Family feud: Kaskade and his ZEFR-founding bro take different stances on copyright law

By Michael Carney , written on July 22, 2014

From The News Desk

Well this could get awkward.

Brothers Rich and Ryan Raddon, the former being the co-founder of YouTube rights management platform ZEFR and the latter being better known by his DJ name, Kaskade, seemingly find themselves on opposing sides of the copyright debate.

Late last week, Reuters reported that uber-popular YouTube star Michelle Phan is being sued by Ultra Records, a music label which happens to represent Kaskade, along with other electronic dance music (EDM) names like deadmau5 and Calvin Harris. Ultra claims that Phan used approximately 50 of its artists’ songs without permission in videos – primarily beauty and style tutorials – on YouTube and her own website. Phan, who has more than 6.7 million subscribers and 976 million views on YouTube, is one of the video platform’s most visible stars.

ZEFR, which offers a SaaS software solution and managed services practice to help major brands manage their content rights on YouTube, confirmed to Pando this morning that Ultra is indeed a client. So far, nothing out of the ordinary. (The company did not respond to requests for further comment on the Phan case.)

But, Kaskade, whose works Reuters says “feature most prominently in the record label's complaint,” doesn’t seem thrilled about the suit. He recently tweeted:

Copyright law is a dinosaur, ill-suited for the landscape of today's media.
Earlier this week, Kaskade tweeted out a link to a then one month old blog post about a similar content rights dispute with Soundcloud, with the message:

— Kaskade (@kaskade) July 19, 2014 The DJ went on to offer his support to Phan, tweeting:

— Kaskade (@kaskade) July 19, 2014 So how do the Raddon brothers reconcile their respective stances on copyright law and its enforcement? Ryan (Kaskade) is a content creator, and thus rights holder, who you might expect to be pro-copyright enforcement. And yet, he compared such laws to a dinosaur. Rich owns a software company valued in the multiple-hundreds of millions of dollars precisely because these laws exist and offer rights holders the ability to monetize their digital content.

There’s an undeniable incongruity in the two Raddon’s positions.

To ZEFR’s credit, it’s always taken an audience-friendly stance, preferring to “claim” and “monetize” infringing content published to YouTube, rather than the previous best practice of removing that content and, in some cases, pursuing legal action against the infringing channel owner. But in this situation, the decision, it would seem, is being made by the company’s client, Ultra.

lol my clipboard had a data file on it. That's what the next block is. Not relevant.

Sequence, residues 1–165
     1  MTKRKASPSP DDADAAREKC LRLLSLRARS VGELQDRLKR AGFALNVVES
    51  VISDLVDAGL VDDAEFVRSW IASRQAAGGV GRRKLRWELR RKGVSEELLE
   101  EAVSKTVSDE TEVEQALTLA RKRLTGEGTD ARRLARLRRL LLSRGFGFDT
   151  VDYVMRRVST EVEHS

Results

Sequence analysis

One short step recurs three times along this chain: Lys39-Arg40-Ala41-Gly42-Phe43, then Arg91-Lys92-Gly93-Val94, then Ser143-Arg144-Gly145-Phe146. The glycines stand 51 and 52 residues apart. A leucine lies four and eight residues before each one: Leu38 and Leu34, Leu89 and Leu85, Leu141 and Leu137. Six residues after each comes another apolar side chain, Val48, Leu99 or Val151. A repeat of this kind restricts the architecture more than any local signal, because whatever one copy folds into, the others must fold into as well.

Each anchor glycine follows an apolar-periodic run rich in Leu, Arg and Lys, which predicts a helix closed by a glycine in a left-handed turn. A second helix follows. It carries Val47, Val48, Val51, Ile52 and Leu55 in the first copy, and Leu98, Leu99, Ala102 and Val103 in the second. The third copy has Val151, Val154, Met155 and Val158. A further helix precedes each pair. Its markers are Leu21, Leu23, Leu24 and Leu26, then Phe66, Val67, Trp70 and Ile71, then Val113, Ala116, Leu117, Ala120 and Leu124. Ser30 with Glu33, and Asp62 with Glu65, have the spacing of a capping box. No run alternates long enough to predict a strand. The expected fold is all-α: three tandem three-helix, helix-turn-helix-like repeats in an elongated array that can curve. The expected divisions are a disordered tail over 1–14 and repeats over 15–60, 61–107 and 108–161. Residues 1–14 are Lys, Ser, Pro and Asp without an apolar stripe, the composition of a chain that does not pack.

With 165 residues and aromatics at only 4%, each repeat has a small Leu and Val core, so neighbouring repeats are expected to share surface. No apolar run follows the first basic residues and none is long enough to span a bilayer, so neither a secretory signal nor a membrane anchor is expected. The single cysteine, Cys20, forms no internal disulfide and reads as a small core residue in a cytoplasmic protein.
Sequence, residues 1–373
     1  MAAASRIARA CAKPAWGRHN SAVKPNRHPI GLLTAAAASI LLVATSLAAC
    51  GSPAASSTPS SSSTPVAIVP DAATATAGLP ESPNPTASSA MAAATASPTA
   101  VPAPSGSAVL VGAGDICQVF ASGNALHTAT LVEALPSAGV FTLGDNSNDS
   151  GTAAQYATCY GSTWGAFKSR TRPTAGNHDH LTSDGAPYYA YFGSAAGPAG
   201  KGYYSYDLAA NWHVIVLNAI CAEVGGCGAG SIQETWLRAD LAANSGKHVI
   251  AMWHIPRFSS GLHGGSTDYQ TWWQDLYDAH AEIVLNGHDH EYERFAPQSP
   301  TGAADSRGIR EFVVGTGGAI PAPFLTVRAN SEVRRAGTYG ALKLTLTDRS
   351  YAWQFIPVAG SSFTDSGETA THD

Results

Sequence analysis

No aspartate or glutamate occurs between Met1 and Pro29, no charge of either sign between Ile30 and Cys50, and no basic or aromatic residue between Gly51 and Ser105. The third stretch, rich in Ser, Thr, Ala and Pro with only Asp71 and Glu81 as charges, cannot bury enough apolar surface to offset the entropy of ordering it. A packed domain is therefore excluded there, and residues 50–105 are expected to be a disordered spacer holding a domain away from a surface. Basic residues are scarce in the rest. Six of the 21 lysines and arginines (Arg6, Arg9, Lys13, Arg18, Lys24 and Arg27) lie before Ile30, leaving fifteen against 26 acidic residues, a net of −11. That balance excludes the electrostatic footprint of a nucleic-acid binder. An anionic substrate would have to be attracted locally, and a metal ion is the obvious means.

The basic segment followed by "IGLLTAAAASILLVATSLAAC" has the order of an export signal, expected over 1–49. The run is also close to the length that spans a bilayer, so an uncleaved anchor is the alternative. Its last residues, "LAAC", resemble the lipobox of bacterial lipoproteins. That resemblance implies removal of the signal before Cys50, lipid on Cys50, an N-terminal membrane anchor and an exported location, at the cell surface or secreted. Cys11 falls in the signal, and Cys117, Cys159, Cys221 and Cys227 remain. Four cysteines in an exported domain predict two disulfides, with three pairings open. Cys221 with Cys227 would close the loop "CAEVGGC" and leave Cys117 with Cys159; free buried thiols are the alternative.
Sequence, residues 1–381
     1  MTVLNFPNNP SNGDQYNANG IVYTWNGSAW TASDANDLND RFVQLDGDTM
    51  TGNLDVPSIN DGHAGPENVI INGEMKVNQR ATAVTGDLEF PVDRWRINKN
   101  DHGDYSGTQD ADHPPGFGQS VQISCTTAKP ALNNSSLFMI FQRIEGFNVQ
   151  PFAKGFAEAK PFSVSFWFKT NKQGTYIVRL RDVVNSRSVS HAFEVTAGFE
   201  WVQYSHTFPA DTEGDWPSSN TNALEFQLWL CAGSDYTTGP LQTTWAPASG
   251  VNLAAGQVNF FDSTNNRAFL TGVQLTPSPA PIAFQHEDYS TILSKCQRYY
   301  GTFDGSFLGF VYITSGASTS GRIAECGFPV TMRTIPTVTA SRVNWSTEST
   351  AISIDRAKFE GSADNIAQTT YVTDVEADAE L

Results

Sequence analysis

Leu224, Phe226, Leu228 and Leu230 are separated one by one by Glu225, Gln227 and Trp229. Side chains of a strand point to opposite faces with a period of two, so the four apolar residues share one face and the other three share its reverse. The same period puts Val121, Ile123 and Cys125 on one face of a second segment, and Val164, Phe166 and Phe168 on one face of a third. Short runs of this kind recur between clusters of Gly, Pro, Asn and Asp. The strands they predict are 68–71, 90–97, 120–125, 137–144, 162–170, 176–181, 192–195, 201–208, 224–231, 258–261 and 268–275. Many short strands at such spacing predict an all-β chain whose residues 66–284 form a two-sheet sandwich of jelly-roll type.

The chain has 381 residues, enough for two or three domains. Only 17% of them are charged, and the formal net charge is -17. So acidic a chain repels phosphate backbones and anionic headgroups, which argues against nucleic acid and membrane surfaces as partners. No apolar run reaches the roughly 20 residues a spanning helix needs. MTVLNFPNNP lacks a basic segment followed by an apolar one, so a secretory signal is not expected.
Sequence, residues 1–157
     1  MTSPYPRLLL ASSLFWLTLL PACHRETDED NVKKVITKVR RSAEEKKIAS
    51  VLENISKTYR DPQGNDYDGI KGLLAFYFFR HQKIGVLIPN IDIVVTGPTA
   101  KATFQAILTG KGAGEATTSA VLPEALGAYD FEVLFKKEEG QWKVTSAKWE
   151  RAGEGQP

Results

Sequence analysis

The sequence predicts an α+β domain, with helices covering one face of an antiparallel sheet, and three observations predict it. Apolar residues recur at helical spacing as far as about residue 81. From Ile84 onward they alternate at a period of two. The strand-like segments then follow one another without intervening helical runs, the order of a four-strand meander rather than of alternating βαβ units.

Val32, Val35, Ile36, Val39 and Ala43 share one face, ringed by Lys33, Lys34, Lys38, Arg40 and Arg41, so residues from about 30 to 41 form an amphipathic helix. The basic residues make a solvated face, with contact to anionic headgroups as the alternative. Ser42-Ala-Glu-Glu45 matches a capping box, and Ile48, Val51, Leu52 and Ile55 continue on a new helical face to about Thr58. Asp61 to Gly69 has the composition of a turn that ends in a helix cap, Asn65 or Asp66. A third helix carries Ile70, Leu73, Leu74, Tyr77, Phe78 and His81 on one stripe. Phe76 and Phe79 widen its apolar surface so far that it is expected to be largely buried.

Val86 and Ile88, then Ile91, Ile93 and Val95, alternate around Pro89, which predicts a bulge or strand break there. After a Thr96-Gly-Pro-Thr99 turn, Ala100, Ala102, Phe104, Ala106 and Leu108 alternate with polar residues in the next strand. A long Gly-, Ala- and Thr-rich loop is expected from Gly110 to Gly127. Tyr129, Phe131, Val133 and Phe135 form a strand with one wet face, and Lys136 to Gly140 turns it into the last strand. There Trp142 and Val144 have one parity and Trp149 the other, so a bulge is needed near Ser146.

Kaskade, by a similar token, appears to take the more progressive-minded approach adopted by many of today’s artists that using free online channels to build an audience is a net positive. In the EDM genre, in particular, artists earn the vast majority of their revenue through live performances, rather than via music sales. In that light, Kaskade’s position makes even more sense.

So the one constituent whose actions are the least reasonable, given the current landscape, would be Ultra. As Kaskade explained in that same Soundcloud dispute blog post last month (which, by the way, is worth reading in full):

When I signed with Ultra, I kissed goodbye forever the rights to own my music. They own it. And now Sony owns them. So now Sony owns my music. I knew that going in...

Am I authorized to post my music? Yep. Does [Soundcloud's] soulless robot program know that? Not so much...

I post mash ups mainly because I don’t need to keep these things tucked under my pillow, pulling out my little Precious only to be played at gigs. You want to hear it? Grab it. Like it? Great. The end.

But the labels, they aren’t feeling this approach so much.

There’s always been this cagey group of old men who are scared to death of people taking their money. Make no mistake about it, that’s what this is about. Money. And control. It’s no secret that the music industry has been in a state of upheaval over the last two decades, with legacy constituencies like labels seeing their decades-old business models disappear, practically overnight. So with these giants scraping for sources of income anywhere they can get it, it’s no surprise that they don’t take kindly to Phan (and others) generating massive followings, and with it real revenue, in part through using their content.

To Ultra’s credit, it is incumbent on Phan and other YouTube stars that belong to multi-channel networks to negotiate their own music licenses, rather than simply relying on YouTube’s blanked Content ID system. In 2012, Phan launched her own MCN called FAWN and thus falls squarely within this category.

But it’s a shame when it’s not enough that one content creator (Kaskade) supports another creator’s use of his work (Phan). But content ownership is often a tangled web with many overlapping and conflicting interests.

In this case, it means that Phan may soon have a day in court and the Raddons are in store for some awkward family dinners.